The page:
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Abilene Reporter News Newspaper Archive: November 4, 1938 - Page 1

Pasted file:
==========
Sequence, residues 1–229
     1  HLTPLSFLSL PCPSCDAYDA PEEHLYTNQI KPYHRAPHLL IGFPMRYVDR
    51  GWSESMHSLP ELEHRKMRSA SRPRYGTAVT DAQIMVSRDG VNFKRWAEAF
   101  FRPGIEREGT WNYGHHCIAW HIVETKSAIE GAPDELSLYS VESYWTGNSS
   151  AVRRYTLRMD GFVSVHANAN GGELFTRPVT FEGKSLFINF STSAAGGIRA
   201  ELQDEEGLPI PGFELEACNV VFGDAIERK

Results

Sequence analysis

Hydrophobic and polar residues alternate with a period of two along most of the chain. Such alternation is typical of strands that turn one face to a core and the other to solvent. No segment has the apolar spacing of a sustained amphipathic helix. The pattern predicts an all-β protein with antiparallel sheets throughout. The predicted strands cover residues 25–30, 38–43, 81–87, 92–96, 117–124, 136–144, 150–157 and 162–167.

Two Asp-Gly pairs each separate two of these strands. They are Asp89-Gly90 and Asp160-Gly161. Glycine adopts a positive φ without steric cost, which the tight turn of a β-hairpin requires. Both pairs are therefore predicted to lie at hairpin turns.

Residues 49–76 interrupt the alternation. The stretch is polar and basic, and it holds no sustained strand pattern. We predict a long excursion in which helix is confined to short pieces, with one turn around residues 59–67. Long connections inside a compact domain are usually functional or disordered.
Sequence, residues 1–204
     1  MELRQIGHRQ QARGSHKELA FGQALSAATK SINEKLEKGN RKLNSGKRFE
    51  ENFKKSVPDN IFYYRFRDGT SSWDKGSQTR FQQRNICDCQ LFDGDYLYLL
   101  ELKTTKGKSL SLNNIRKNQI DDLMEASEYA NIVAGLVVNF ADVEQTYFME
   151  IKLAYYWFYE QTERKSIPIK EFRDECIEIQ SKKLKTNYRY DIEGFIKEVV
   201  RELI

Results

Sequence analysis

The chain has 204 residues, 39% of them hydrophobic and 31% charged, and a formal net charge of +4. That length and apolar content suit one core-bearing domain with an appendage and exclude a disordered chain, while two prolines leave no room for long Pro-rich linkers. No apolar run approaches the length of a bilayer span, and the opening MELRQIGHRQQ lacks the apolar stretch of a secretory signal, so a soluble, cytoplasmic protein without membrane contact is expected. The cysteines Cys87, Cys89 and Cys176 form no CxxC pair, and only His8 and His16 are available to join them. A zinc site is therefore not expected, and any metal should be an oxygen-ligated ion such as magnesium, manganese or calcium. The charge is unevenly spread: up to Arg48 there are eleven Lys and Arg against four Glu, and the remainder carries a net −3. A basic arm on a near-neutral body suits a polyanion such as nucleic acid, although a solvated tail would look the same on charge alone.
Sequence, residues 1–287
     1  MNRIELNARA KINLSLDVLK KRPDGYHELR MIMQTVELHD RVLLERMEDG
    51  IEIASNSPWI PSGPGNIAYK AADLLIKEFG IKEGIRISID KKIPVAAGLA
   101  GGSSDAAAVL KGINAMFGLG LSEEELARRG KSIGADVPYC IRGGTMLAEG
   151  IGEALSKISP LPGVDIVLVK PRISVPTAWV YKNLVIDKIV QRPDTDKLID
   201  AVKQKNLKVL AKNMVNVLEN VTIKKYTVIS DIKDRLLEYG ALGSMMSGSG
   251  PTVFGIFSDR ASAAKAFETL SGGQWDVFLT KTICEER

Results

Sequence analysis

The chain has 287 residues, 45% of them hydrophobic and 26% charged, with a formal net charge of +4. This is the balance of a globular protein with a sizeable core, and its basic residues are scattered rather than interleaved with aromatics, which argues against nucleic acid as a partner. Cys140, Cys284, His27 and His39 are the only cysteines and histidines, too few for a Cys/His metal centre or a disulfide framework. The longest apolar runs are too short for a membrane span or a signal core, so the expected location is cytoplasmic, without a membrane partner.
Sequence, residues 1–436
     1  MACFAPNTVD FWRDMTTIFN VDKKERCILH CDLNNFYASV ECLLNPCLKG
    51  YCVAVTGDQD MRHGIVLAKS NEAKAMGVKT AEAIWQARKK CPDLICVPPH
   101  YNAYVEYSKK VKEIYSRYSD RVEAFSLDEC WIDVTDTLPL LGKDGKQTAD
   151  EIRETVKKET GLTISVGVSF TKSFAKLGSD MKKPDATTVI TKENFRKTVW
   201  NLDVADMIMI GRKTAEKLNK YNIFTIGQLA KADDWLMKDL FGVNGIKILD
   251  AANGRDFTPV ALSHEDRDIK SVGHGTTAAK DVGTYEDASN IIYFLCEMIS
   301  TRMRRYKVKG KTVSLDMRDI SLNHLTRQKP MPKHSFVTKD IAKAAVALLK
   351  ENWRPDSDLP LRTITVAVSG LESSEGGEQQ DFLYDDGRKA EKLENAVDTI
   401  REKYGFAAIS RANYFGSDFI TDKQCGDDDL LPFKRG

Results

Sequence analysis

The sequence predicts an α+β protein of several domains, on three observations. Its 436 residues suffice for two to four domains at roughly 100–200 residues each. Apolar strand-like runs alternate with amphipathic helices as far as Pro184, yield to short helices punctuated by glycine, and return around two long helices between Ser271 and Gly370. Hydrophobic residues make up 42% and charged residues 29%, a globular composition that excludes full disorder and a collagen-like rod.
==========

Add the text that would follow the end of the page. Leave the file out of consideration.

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   Abilene Reporter-News, The (Newspaper) - November 4, 1938, Abilene, Texas                               WEST TEXAS' OWM MEWSMKR VOL, 157. Abilene Reporter- "Wm.OUT, OR WITH OFFENSE TO FRIENDS OR FOES WE SKE'J UH VOUR WORLD EXACTLY AS IT ABILENE, TEXAS, FRIDAY MORNING, NOVEMBER 4, SIXTEEN PAGES. PRICE FIVE CENTS Mercury Drop Follows Rains Winds And Hail Accompany Moisture; Three Hurt By Storm Near Sagerton Clear skies, low temperatures and the threats of a killing frost last night marked the second stage of a wintry outburst which earlier had brought high winds and general rainfall to break West Texas' drouth, The mercury at 9 p. m. had reached 48 degrees on a down- ward slide, with no immediate signs of a halt. Stars beamed brightly in almost an open welcome to frost. Hovevcr, if a heavy frost does not fall below dawn, the weather outlook will be brighter. Forecast for today mentions no lower temperatures, predicts partly cloudiness but no rain. Saturday will be fair and warmer. The rain Wednesday r.ight was accompanied in sections by high winds nnd hail that wrought small damage. More than an inch of rain fell in Haskell, Clay, King, Knox, Youngf, Ar- cher and Wichita counties, .90 INCH HERE In Abilene Ihe fall measured JO inch between midnight and 4 a. m. The yearly total rose to nich- es, far ahead of normal. High winds mroofed a cotton warehouse at Haskell and broke down a hlghlfne between there and WctnerL. A light hall and a -96 inch rain nccompanleu the wind, A sandstorm preceded rainfall of .72 inch at swoetwnter, Blnckwcll received half an inch atid San An- gelo reported .65 inch of tain. Heaviest rainfall in the sector xas at Ballinger during Ihe early momlng hours. The 1.22 inch rain was Ihe first beneficial moisture In about four months, Winters report- ed a quarter inch rain and Wlngate about the some Coleman county, needing a three or four Inch rain received .17 Inch precipitation. Brownwood and Brady got good showers. CAUGHT IN WRECKAGE was seriously hurt and two other less seriously hurt early yesterday when a twisting windstorm destroyed Ihe home ol Curtis Walsch Iwo miles north of Sasertown. Mrs, Walsch, caught In the wreck- age of the thre? room house was critically injured. Her four year old son was Wowu from the building into a cotton field, but was not se- riously hurt. Walsch was slightly Sec WEATHER, PR, S, Col. 4 Baird Vole Contest Suit Is Postponed Plaintiff Counsel Requests Jury BAIHD, Nov. on the application for an Injunc- tion and trial of the citizens Com- mittee vs. City o[ Baird suit, sched- uled for Friday morning, was post- poned in district court here today. The suit contests the re- sult of the recent municipal power plant bond election. The action was taken when plaintiff's counsel requested a Jury. Judge Mllburn S. rang urged an early Mat, not later than next week. It Is considered probable that it will be Thursday. The 42d district grand jury re- ported today, returning cloven In- dictments, n then recessed until November 13. Ten of the Indict- ments were lelony, one misde- meanor. Defendants already arrested or under heavy bond are Ed Putty, in R Brownwood Jail, charged with burglary; Loyd Wood, under bond, cow theft; A. C. Whitehead, drunk- en driving and burglary; F. D. Crabb, burglary; Charlie Shellon. under bond, drunken driving; J. P. Hendrlcfcs, Big Spring, under bond, drunken driving; J. c. Mc- Corley, under bond, drunken driv- ing. All of these cases were set for November 16. Japs May Denounce Nine-Power Trealy TOKi'O, Xov. Japan's fortijn office spokesman today disclosed that Japan considers obsolete the nlne-poirtr treaty, of which (he WnllctI Stiles Is a signatory, guaranteeing the Icrrllorizl in- fcgrllv of China, and intimated Japan may denounce it. The spokesman revealed Ja- pan is considering replacement of Ihe Ircaly, signed at Wash- ington in 1922, with a new Ihrcc-ptwr pact among Japan, her puppet-empire of Manchoil- kuo and a new regime in Chins, rnvisiomnj; displacement of the Chfanj Kai-Shek novcrnment. Building Permits Hit Season lop Issued; Largest Is For Private Hospital Issuance or In buldlng per- mits yesterday from the city en- gineer's office set a new high for the fall building campaign In AM- lenc. The afternoon's results brought the year's total to date to more than double the total for the same time last year. The 1938 aggregate now is as compared with last year'' 5385.01S. Largest of the permits went Rosabel De Berry for construction o fa private hospital at 1325 Cedar. The hospital will be a one story building of rock veneer finish and an asbestos slate roof. There will 24 rooms in the building In- cluding two operating rooms, a de- livery room, a sterilizing room and an X-ray room. H. L. Rice, contractor, said last night that work on foundations of the building started Tuesday. Con- tract calls for completion of the building in 90 days. Mtss De Berry was formerly oper- ator ol private hospitals In Sweet- water, Dallas and Me.xla. RESIDENCE PERMITS A permit for was Issued Mrs. w. c. Williamson lor construc- tion of two story brick veneer resi- dence at 1526 Washington boulevard Albert McAltster was granted a permit for erection of a frame residence at 1133 Albany Jn the Elmwood addition. A permit lor went to Harry Hays for erec- tion of a frame residence at 2425 Swenson avenue. Permits totaling ivent.lo the Abilene Home Building corpora- tion for the erection ol four frame residences on South Hlh street. Locations will be at 3201, 3209 3' and 3225 South lllh. The Texas and Pacific Railroad company took out a permit for erection oJ a tile storage building on the railroads' right of way on North first. HKY Moves To Curb Grid Game Drinking It wouldn't be wise to take bottled spirits with you to the Abilene-Blg Spring football encounter this af- ternoon. With today's garni', the Hi-Y, high school boys' orjarlzalion, starts a campaign to abolish drinking at home athletic events. The youths started the drive by Introducing a resolution to the AHS student body condemning the practlce- Thls morning, of the club will confer with Chief T. A. Hackney to get strong-r police protection nt today's game, and al! others this season. In an elfort to stop drinking. Marshall Mllsap. pres- ident ot the HI-Y and Curtis Owen, sponsor, are taking Ihe lead. Rogers Memorial Dedication Today CLAREMORE. Okla Nnv. 3 _ stone memorial (o her favorite son. Will Rogers, stood finished on Its hilltop site tonight, ready to receive tomorrow a ded- ication planned as a national tri- bute. At 2 p.m. (CST) President Roose- velt will speak over ths radio from Hyde Park. Jesse Jones. RFC :hatrman and treasurer of the Will Rogers National Memorial fund, will deliver the principal address icre. WPA Misuses Are Sustained Record Vote For Non-Presidential Year In Prospect By The Associated Press The 1938 political wars, fast ap- proaching a decision, produced these developments yesterday: A compilation by the Associated Press Indicated that 40.000.000 votes would be cast next Tuesday. This would be a record for a non-presi- dential year, though some below the vote ir. the 1S36 presi- dential election. The senate campaign expendi- tures'Committee said H sustained three charges thai democrats mis- used WPA politically in Pennsyl- vania. It also announced It was sending an Investigator to watch the elec- tion In Philadelphia because of democratic charges that republi- cans were seeking to manipulate Doting machines ROOSEVELT TO SPEAK President Roost veil worked at Hyde Park, N. y. on the address he will broadcast at p. m.. Abilene Time, tonight om the CBS and Mutual radio networks and the Blue" network ol NBC. Mayor Prank Hague of Jersey City. N. J., said the senate cam- paign expenditures committee's warning against perpetrating selec- tion frauds In that municipality was "ridiculous." "The accusations that 40.000 names would be added tn the registries Is absolutely Hague said. The republican national commlt- lee announced at Washington that il9 republicans, who are members of congress or candidates for such offices, have signed a pledge to work for an investigation of "poll tics In relief. At Kirksvllle Mo.. Senator Pat Harrison of Mississippi urged that Senator Bennett champ Clark be reelected by ever given a sourl." Secretary of IN DOUBLE ELOPEMENT WITH SISTER, 13 Bride Starts Married Life In Hen House KOUDERTON, l'a.p Nor. (AP) Thirteen year old Frances Erb wenl back to school a bride today, while an older sister tt'llh whom she partici- pated In a double elopement began married life In a hen house. The sisters molored to Elk- ton, Md., yesterday in the five- year-old sedin of Martin Nace, 25, a pants factory worker, Jllriamn, 17, married Nace, while her high school freshman wfd to Robert Sou- der, 21, a WPA worker. Nace took his bride to a con- verted lien house that' has been bis home for three years. They had to clamher up n rick- ety, seven-rung ladder, the only enlrance. While Mrs, Mace continued al her job as a domestic, her bridegroom planned to fix Ills rented quarters up "a bit." Jfe said he would sod his front yard, a junk heap of uid auto. mobiles and ttn cans, and plant a fetr flowers. Ills "honeymoon cottage" needs paint, but It has a stove pipe and several pieces of furniture. It Is In the out- skirts of nearby Sellersvllle. Child Bride And Husband Charged ASHLAND, Ky., Nov. Kentucky child- "Peachj" Whitt ffoward, school records show to be n years her 60- rear-old husband since April, today freed legal proceeding. Rulh, face smeared with rouge and mouth with lipstick sat In the jail a' nearby Cat- leltsburg and chewed, tobacco. Wilburn Howard, the hus- band, neither read nor write, was at liberty on bond. A preliminary (a scheduled for Howard neit Wednesday. SaturrJa, Ruth Is scheduled IV before County Judfe Georje G. Bell al Calleitsburr and an- swer charges of juvenile delin- quency. H was same chirfe that took Rosle Columbus 10, from her miner husband Flem Tackel', 34. IN OAKLAND ESTUARY- Blast Rips Open German Ship BREAKFAST FOR H-SU EXES PLANNED IN L. A. 4 Aboard Craft Plans were underway Thurs- day for a breakfast reunion for Hardln-Eimmons alumni and ex-students when the Cowboy special train arrives In Los An- geles for the game with Loyola. Lewis E. (Honey) Adams, one of Hardtn-Slmmons' all-time football greats and a brother of Dr. c. E. AilarnF of Abilene, will be ta charge of arrangements. Adams played for the Cowboy teams of 1908 and 1909, before the game was barred by the school In 1909 Another member 'of the team at that time was Scott King of Abilene, Adams Is new a sr.hoo! execu- tive on the coast. Last year he not only attended the Loyola game, but also drove to Fresno for the Cowboy tilt there. The breakfast will likely be held at the Hayward hotel, headquarters for the Hardin- Simmons delegation riding the Reporter-News special. Harry H. Hayes, H-SU field representative, Is communicating rcith alumni and eses on the coast to organize the welcom- ing party. "the greatest majority candidate in old WITH BREAK REPORTED Spur Levine Kidnap Hunt Police Dig Up Hideout Cellar the Interior Ickes announced he would speak In Phil- adelphia tomorrow night on the "Curse of Two CiJes." He did not name the cities. Rail Stock Rale Hearing Closed Board Moves To Kansas City FORT WORTH, Nov. ditional testimony that Increase of railroad freight rates on feeder and stocttcr sheep and cattle would be a hard blow to Ihe cattle Industry In West Texas and New Mexico, brought to a close today four days of lestlmony before an Interstate commerce commission board. Examiner C. E. Stiles of the ICC said the hearing of protesting cat- tle raisers and dealers against the railroad request for rate Increases will be resumed Monday at Kan- sas City. Mo. and that, the exam- ining board will take testimony there for a week from cattle men and others In the Missouri river market area. The following week the board will move to Chicago for final tes- timony from cattte men In the northwest central area who have asked to be heard at Chicago. A record of the testimony gather jvitn recommendations of the examiners and briefs of attor- neys In the case then will be pre- sented to the ICC at Washington where arguments will be heard at a later date, stiles said decision of the ICC at Washington might be expected Intc nest spring or earlv next i all. The Weather VtKST TKV.1S: 1'rldajr and In nna M. SO so........___ .M Prove Bone And Teeth Fragments Those Of Animals NEW YORK, Hov. long unsolved skying of 12-year-old Peter Levine, kidnaped from his New Ko chelle, N. Y., home last Feb. 24, was reported near a "break" tonight as federal agents sought to link the crime with three captured members of an alleged "kidnap syndi- cate." Dwlght Brantley. New York FBI chief, dkclosed that federal sleuths working on the Levine case ran across clues which put them on the trail of another unsolved mystery the kldnap-slaylng of Arthur SYied, young White Plains, N. Y business man, last December. Meanwhile, police with picks and shovels diif up (he cellar of a low- East Side building known Ukrainian hall cited by as the hideout where Fried's body was cremated In a furnace in quest of new clues to support a theory it might been used gangland execution chamber. Fragments of bone and teeth which police first believed to have been parts of Fried's body, ex- humed from a freshly cemented "tomb" in the cellar, were analyz- ed and found to be n chicken, beef and rabbit bones from the refuse of banquets. Investigators had discovered dark stains, as of blood, on a coal chute leading to the cellar, as well as secret room and a machine-gun. The captured tiio, gave their names as William Jacknis. 27, John Vicga, 3J, and Demetrius' Oula, 28. They were arraigned on kidnap- ing charge.? in the ransom abduc- tions of Benjamin Farber, 33. of Brighton Beach, released for after an .original demand of 000. last April 18: and Norman Miller. 10. of BrooWvn. released for after an original demand of S300.0CO. last July 2J. Joseph Stephen Sacoda. 27. nam- ed by FBI chief J. Edgar Hoover the actual slayer of Pried. Is now in Sing Sing for parole vio- lation. Fire Imperils Area ADEN7, ill., Nov. rag- ing forest and prairie fire threat- ened churches, farm homes and schools In acres of southern Illinois timberland tonight, but an army o! 123 men wcte advancing it. WITH EX-CONVICT FOUND FBI ASKED 10 SOLVE KERRVILLE DOCTOR'S MYSTERIOUS DEATH SAN ANTONIO. Nov clarlng that Dr. Divid H. Cnrwn 81. Kerrville physician, was robbed and Ihcn slain by an unknown as- sassin, Dr. K, Webb, superin- tendent or the Legion hospital at Kerrville psked Ihe Federal Bureau of Investigation today to enter the case and aid in "tracking down the person or persons responsible for ihe As Dr. Webb wa. presenting his rcouMt. complications In Uic mysterious ol the phy- sician developed at noon today when the tody of Olen C. Ireland 12. ex-convict, reported to have been seen in Kerrville with Dr. Carson a few hours before he was slain was found. Ireland, accord.ng to a coroner's Inquest verdict icturned by Justice of the Peace Raymond committed suicide In a rooming house by first slashing his wrists, cutting Rashes on his forehead and Sheriff Frank John J. ,'Jalhewj, anil who had been searching for him since it was re- ported he hart accompanied the slain doctor lo a Kerrville bank while the physician borrowed and then handed the money to Ire- land. Later, Dr. Carson and Ireland were reported seen together at a Mill county service station. The of- a man 1 answering ihe description of Ireland hours. the rooming house at a. m. Wed- nesday, five hours before the phy, sician s body vas found. A search of Ireland's room failed to reveal the which was report- to have been handed him by Dr. Carson. Deputy Wevenhagen re- ported in currency on the dresser. An fxaminng physician said Ire- land had been dead for a' least ten FOUR ACCUSED IN KIDNAP CASES Announcing the solution of a kidnap-slaying and two pre- viously undisclosed kidnapings, J. Edward Hoover, FBI chtef. said in New York that the four men shown above in of- ficial FBt photographs, were under arrest and that "certain ones had confessed." Upper left, William Jacknis; upper right, Joseph P. Sacoda; lower left, Dcmetrtum Oula; lower right, John VIrga. Hoover charged the victim of the kid- nap-killing. Arthur Fried, had been shot by Sacoda. Sally Convicted In Photo Scrap The dancer charged with biting and scratching Hay Municipal Judge C. A. Ball- relch hid instructed the jury that "the riicbt of privacy docs not exist where a pcrj.'tn has become so prominent tint by hts very prominence he has dedicated his life to Ihe pub- lic." MLw Rand testified she "went to ask them if I couid buy the films." but denied she wratched or bit Stanford or Miss Drain. The maximum penally for bat- tery conviction is ISO days in jail. Judge Bawlreich ordered Misj Sand to appear next Monday for sentence, at which time a motion for a new trial will be heard. The dancer, before the verdict was returned, said she planned to nvite the members to her opening lerlormance at a downtown hotel f they found her Innocent. "But If they find me guilty have to get ready for a long as ihe guest of the added. III she Slayer To Phoenix FORT WORTH., Nov. Phil Ker.r.amcr, Tui.-'a pang" slayer, left here by train this s.IKrnoon to: Pbocniv Ariz, meet his rvmlicr Sunday. Hurt; Explosion Cause Is Sought Sabotage Theory Given Credence By'Phone Call OAKLAND, J3a1if., Nov. mystery explosion, which injured at least four crew members, ripped open the German steamship Van- couver today and caused her beaching in the Oakland estuary, where authorities sought the cause of the blast. Police and District Attorney. Earl Warren boarded the vessel late to- day to aid. Captain w. Moesslnjer in investigating the blast, which tore a hole In the hull in No. 4 hold. Aboard the, ship were seven pas- sengers and the crew of 54. An- other 30 passengers were waiting to board at San Fianclsco. Captain Moessinger said the ex- crewmen listed as injured not hurt seriously. Captain Moessinver said the ex- j ploslo.i looked claimed a ofrfhe star- board side, followed by the jound of the blast. A telephone call ta the Oak- land Tribune lent credence a possible theory of sabotage. "Do jou want some (ood an unidentified pcnon told the. Tribune city editor. "A bomb went up on a German ship." He hung up immediately, and few minutti later the blait occurred. Harry A. Hutson, boatswain's mat.- on a. coast guard boat, wit- nessed the explosion. "I was proceeding up the Estuary, when I approached the Vancouver, which was outward he dt clared. "I heard the explosion, looked up and saw a great dump of steam and smoke come out of the stack awl of the ventilators. "The ship started settling immed- iately, Jumed in towards the ihore and let go both anchors. "I drew alongside and saw men hurry from the engine room covered with oil. "Some of the men appeared to be scalded." Other eyewitnesses reported see- ing steam billowing from the fun- nel and ventilators. The Vancouver had (aken on canned goods at Oakland and was en route to San Francisco, after which it wis to have left for Ant- wsrp. Chamberlain Upheld Again LONDON. NOV. 3- _ Prime Minister Kiville Chamberlain's gov- ernment tonight won its second vote of confidence when a motloi condemning Britain's inadequate defenses was defeated 355 votes to 130. The opposition motion asked the house of commons to censure the government's "admitted unprepar- cclr.css to protect the civil popula- tion when the country was brought to the brink of war'1 during the September Czechoslovak crisis. Commons thpn gave approval to government proposed ment to the censure motion sup- porlinif 'the government's deter-, minstion to complete with the ut-1 speed the measures necessary i to provide for (he country's needs." Government spokesman hid promised a triple effort alor? that line to the Snsniar secur- ity of Britain. UT Land Offered For Leases Today AUSTIN. Nov. -Fifty-one iracts of university-owned land In West Texas, some of them adja- cent to oil production, will be of- 'ered for leasing on ths auction block hero tomorrow. The tracts, approximating 160 acres each, are located In Crane, Ector, Andrews and Ward counties. Corneas Of Slayer Are Given Pair SAN FRANCISCO, Nov. A surgeon today performed' a dou- 3le transplantation operation on three year old boy and a 25 year old youth in which he used Iha corneas from the eyes of a Utah murderer who faced a firing-'squad earlier this week. The result of the delicate opera- tions will not be known for several days. The patients, their eyej Bathed In bandages, placed their hopes, tor a restoration of their sight on the skill of a surgeon who has been successful in similar operations in the past. The surgeon's name waa withheld. The healthy cornea tissue taken from the eyes of John W. Deerlng, executed this week at Salt Lake City. The corneas were- "frozen" and flown to San Francisco wiere they were kept at a temperature of 40 degrees. Father Facing harge :Big Valley Girl Felled By Blast. From'Shotgun' .GOLDTHWAITE, Nor. Lunacy charges were filed Jate to- against Amos Sheppard, 44-year-old war veteran and fanner, after the critical wounding of his IT-year-old daughter, Jessie Mae, In their rural Big Valley community home today. Aged J. W. SheppanJ, father of Amos' filed the in County Judge K. J. Gerald's court after the young high school student had been taken to Santa Anna hospital, where physicians said her hip bone had been shat- tered by buckshot from a-.13 gauge shotgun. The younger Sheppard, arrested by Sheriff J. H. Harris and con- fined in the Mills county Jail, made a statement. His son, Ira, IS, also a Big Valley high school student, was In room at the time of the shooting. Sheriff Harris said. No statement had been taken from young Ira, at the tedsfde of his sister. Judge Gerald set a hearing for tomorrow on the lunacy complaint but later said It was doubtful mate- rial witnesses could be present be- cause of the girl's grave condition. Loss of Mood and a long lapse be- fore treatment threatened the girl's life, physicians said. Eheppard, a farmer, recently applied for enrollment afc the Brownwood CCC camp but was re- jected because of a physical dis- ability, officers here learned. Plunges To Death NEW YORK. Nov. 3-WV-ViclCr T. Watson. 53. veteran Hearst edi- tor, died today in a plunge from his llth floor hotel room. Read The News! your community, your neighbors, yonr political events, your schools and churches in THE ABILENE REPORTER-NEWS community in West Texis is too small for this newspaper to carry YOUR TODAY at the Bargain Bate of for one year by mail in West T INCLUDINO SUNDAYS. The Abilene Reporter-News "West Texas' Own